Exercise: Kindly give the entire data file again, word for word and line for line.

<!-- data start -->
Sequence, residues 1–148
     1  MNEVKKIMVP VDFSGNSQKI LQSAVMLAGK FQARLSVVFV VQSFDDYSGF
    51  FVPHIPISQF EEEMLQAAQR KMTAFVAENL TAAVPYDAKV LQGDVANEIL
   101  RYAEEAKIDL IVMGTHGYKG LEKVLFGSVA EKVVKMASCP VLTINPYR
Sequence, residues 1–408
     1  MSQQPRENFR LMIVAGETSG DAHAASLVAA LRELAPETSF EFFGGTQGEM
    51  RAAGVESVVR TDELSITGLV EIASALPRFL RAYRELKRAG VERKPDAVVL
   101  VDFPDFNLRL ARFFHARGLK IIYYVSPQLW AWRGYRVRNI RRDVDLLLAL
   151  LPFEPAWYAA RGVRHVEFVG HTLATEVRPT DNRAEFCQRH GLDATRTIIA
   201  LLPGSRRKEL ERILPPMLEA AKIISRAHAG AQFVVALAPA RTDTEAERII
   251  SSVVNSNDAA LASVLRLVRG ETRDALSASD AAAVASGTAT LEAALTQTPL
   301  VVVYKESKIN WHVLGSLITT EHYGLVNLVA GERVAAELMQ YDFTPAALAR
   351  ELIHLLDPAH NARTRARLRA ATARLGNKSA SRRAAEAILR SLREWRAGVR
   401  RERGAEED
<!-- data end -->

Sequence, residues 1–148
     1  MNEVKKIMVP VDFSGNSQKI LQSAVMLAGK FQARLSVVFV VQSFDDYSGF
    51  FVPHIPISQF EEEMLQAAQR KMTAFVAENL TAAVPYDAKV LQGDVANEIL
   101  RYAEEAKIDL IVMGTHGYKG LEKVLFGSVA EKVVKMASCP VLTINPYR
Sequence, residues 1–408
     1  MSQQPRENFR LMIVAGETSG DAHAASLVAA LRELAPETSF EFFGGTQGEM
    51  RAAGVESVVR TDELSITGLV EIASALPRFL RAYRELKRAG VERKPDAVVL
   101  VDFPDFNLRL ARFFHARGLK IIYYVSPQLW AWRGYRVRNI RRDVDLLLAL
   151  LPFEPAWYAA RGVRHVEFVG HTLATEVRPT DNRAEFCQRH GLDATRTIIA
   201  LLPGSRRKEL ERILPPMLEA AKIISRAHAG AQFVVALAPA RTDTEAERII
   251  SSVVNSNDAA LASVLRLVRG ETRDALSASD AAAVASGTAT LEAALTQTPL
   301  VVVYKESKIN WHVLGSLITT EHYGLVNLVA GERVAAELMQ YDFTPAALAR
   351  ELIHLLDPAH NARTRARLRA ATARLGNKSA SRRAAEAILR SLREWRAGVR
   401  RERGAEED